Call our Sales Team on 0208 912 2120

know the law

26th February 1971
Page 51
Page 51, 26th February 1971 — know the law
Noticed an error?
If you've noticed an error in this article please click here to report it so we can fix it.

Which of the following most accurately describes the problem?

by Les Oldridge AIRTE,ArvlIMI

Goods vehicle drivers' hours (1 )

QUESTIONS are still being asked concerning the permitted hours of work for drivers of goods vehicles and a complete review of the subject, taking into consideration the recent amending legislation, may be useful.

The main provisions concerning this subject are contained in Part VI of the Transport Act 1968, and it is proposed to consider these first and then to deal with the amending legislation.

In the main, all vehicles constructed or adapted to carry or haul goods come within the scope of this law. Such vehicles as mobile cranes and compressors are included; the minivan and the 32-ton artic all come within its scope. It matters not whether the vehicle is laden or unladen, it is not the load which the vehicle is carrying which is the criteria but the vehicle's construction.

Section 96 deals with the permitted driving times and periods of duty. First it is laid down that a driver shall not on any working day drive a vehicle or vehicles for periods amounting in the aggregate to more than 10 hours. After 51 hours on duty a driver must have at least a half an hour interval in which he can obtain rest and refreshment. It must be noted that this provision refers to "on duty" and not to driving.

To quote an extreme case as an example to illustrate this point let us suppose that a driver commences work at 8 am and spends 5 hours at his depot loading and unloading vehicles without a rest period. If he then starts on a journey, he can drive only for half an hour before he must take the statutory rest.

The working day, that is the total period during which the driver is on duty (not necessarily driving), must not exceed 11 hours. lithe driver has been off duty during the day the off-duty periods may be added to the 11 hours' maximum, provided 12+ hours are not exceeded. For example, if a period of 1+ hours is taken for a lunch break his working day may be extended by the 1; hours from 11 hours to 12+ hours. If, on the other hand, he had a two-hour lunch break he could still only have a total working day of 12; hours. In other words, there may be a 12+ hours spread-over from booking on to booking off duty.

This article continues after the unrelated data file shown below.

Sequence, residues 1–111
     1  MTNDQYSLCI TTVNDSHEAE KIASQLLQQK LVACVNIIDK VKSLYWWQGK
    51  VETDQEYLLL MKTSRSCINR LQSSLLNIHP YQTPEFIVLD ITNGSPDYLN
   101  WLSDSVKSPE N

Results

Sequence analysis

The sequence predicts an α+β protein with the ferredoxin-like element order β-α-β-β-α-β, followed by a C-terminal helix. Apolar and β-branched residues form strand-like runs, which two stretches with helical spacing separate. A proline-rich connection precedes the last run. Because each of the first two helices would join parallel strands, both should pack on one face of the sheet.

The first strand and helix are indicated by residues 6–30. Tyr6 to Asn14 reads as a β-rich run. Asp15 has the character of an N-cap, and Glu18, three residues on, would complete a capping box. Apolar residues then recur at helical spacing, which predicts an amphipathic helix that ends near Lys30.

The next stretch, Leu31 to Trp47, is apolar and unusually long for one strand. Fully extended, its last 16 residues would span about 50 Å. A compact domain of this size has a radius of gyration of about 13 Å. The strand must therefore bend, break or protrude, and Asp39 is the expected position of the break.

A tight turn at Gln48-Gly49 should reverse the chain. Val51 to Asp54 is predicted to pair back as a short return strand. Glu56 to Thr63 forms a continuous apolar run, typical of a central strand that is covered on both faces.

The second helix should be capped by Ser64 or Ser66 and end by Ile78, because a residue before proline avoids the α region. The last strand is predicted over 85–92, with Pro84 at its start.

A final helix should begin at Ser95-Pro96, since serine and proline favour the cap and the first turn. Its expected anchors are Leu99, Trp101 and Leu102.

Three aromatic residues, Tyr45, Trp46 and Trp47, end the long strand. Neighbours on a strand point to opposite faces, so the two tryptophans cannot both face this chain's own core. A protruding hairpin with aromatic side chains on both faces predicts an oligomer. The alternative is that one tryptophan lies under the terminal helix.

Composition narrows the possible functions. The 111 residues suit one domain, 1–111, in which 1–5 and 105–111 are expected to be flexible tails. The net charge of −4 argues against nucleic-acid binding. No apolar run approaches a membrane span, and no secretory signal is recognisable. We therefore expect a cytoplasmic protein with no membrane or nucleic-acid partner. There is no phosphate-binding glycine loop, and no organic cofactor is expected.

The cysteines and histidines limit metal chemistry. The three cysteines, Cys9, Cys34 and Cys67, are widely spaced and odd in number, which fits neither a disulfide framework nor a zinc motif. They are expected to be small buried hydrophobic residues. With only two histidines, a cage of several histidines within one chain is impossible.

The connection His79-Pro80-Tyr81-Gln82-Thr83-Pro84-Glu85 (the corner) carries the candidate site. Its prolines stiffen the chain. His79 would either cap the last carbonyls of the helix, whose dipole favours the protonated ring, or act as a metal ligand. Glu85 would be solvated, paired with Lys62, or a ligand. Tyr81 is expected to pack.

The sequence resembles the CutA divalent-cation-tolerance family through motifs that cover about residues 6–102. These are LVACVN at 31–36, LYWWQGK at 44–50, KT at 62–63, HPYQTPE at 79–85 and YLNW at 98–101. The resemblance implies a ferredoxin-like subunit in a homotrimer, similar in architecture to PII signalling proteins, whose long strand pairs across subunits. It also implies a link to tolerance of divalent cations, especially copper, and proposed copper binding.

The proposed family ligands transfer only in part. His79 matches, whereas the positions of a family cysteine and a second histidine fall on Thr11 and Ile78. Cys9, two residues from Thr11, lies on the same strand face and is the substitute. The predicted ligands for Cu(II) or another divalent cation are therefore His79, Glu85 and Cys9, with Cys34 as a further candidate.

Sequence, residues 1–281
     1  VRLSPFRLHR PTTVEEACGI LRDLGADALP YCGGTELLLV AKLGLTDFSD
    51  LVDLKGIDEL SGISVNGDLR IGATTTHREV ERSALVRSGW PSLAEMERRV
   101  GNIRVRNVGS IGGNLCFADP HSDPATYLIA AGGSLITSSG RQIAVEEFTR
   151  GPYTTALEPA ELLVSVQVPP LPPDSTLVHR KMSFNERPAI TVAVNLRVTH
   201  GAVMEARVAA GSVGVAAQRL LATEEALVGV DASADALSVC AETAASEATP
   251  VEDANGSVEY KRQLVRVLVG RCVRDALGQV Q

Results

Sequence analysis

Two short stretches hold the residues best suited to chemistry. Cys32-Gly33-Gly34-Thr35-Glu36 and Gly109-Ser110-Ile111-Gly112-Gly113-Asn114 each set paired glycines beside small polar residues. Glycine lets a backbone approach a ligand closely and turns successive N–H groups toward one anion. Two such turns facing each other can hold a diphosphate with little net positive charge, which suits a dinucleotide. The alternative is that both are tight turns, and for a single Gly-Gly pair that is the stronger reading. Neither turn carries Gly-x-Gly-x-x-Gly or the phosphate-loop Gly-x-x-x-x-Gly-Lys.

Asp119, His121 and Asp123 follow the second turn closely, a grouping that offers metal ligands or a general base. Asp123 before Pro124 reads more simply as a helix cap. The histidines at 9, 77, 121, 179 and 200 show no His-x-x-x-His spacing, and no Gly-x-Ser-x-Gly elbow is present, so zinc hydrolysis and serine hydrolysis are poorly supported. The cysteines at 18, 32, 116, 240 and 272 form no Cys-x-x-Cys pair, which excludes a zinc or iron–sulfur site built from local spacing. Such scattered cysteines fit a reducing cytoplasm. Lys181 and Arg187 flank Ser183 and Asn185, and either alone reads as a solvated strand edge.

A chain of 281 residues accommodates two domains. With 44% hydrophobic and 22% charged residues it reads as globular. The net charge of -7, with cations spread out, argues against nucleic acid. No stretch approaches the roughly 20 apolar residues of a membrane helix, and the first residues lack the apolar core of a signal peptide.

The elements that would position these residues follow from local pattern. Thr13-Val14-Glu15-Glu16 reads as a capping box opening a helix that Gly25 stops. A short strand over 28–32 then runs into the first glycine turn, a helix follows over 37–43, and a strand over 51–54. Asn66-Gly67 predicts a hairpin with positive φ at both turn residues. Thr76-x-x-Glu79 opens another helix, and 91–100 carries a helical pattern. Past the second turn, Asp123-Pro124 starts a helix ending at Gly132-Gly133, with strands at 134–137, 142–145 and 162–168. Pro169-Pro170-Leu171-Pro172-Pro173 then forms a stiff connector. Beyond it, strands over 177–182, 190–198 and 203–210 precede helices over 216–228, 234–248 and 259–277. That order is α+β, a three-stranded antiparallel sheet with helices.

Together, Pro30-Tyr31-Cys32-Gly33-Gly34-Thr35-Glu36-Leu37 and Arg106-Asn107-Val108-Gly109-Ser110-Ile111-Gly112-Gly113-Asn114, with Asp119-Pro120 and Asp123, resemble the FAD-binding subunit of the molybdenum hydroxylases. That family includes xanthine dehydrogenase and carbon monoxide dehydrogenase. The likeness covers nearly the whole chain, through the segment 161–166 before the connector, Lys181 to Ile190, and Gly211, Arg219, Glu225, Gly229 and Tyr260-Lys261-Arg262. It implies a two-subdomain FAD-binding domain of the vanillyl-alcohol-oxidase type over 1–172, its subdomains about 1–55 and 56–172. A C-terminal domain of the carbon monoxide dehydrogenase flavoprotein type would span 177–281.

A driver must not be on duty for more than 60 hours in any working week. For this purpose "working week" means a week beginning at midnight between Saturday and Sunday and ending at midnight between Saturday and Sunday the following week. The Licensing Authority can, on application by an owner-driver or employer, direct that the working week shall start and end at some other time for that particular firm.

Working week

The driver of a goods vehicle must have a period of at least 24 hours off duty during each working week. This does not mean that there must be seven days between each day off. For example, he may have Saturday and the next day, Sunday, off and this will be his entitlement for a fortnight. On the other hand he could have Monday off one week and then work without a rest day for 13 days until the following Sunday week and still comply with the law provided he took his 24 hours off on that Sunday.

In all traffic law it is important to study the definition of terms used in the subject under discussion as often words used do not have their everyday meaning. With regard to hours of work "driver" means a person who drives a goods vehicle in the course of his employment or for the purpose of his trade or business. Here we have two categories, the employee driver and the owner driver. Neither is always "drivers", subject to the hours of work restrictions when they are driving goods vehicles. For example, if the self-employed baker clears Out his van and takes his family to the seaside in it he is not a "driver" for the purpose of Part VI of the Act.


Similarly, if the same baker allows an employee to borrow the van to travel to the races then the employee is not subject to the restrictions on the hours which he may drive. In both these cases the driver must be genuinely "pleasure bent"; the owner-driver must in no way be doing work in connection with his business and the employee must not be receiving any wages for his trip. If the employee is driving in any way "in the course of his employment" then he must keep to the hours of driving permitted by the Act.

Driving, for the purpose of the Act, means being at the driving controls of the vehicle for the purpose of controlling its movement, whether it is in motion or stationary, with the engine running. Time spent at the controls when the engine is running for the purpose of operating auxiliary machinery does not count as driving.

Next week I will look further into this subject and also deal with the numerous exemptions.


Organisations: Licensing Authority

comments powered by Disqus